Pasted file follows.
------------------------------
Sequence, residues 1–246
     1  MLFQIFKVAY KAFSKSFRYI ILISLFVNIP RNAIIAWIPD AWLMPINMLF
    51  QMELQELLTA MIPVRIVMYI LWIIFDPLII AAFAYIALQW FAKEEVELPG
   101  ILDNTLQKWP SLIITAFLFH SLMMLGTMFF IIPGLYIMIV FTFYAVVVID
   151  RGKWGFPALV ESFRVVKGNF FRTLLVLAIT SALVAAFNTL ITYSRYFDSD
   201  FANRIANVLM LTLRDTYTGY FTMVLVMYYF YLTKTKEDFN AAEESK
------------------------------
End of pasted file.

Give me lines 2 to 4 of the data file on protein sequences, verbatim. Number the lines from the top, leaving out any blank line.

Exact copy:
     1  MLFQIFKVAY KAFSKSFRYI ILISLFVNIP RNAIIAWIPD AWLMPINMLF
    51  QMELQELLTA MIPVRIVMYI LWIIFDPLII AAFAYIALQW FAKEEVELPG
   101  ILDNTLQKWP SLIITAFLFH SLMMLGTMFF IIPGLYIMIV FTFYAVVVID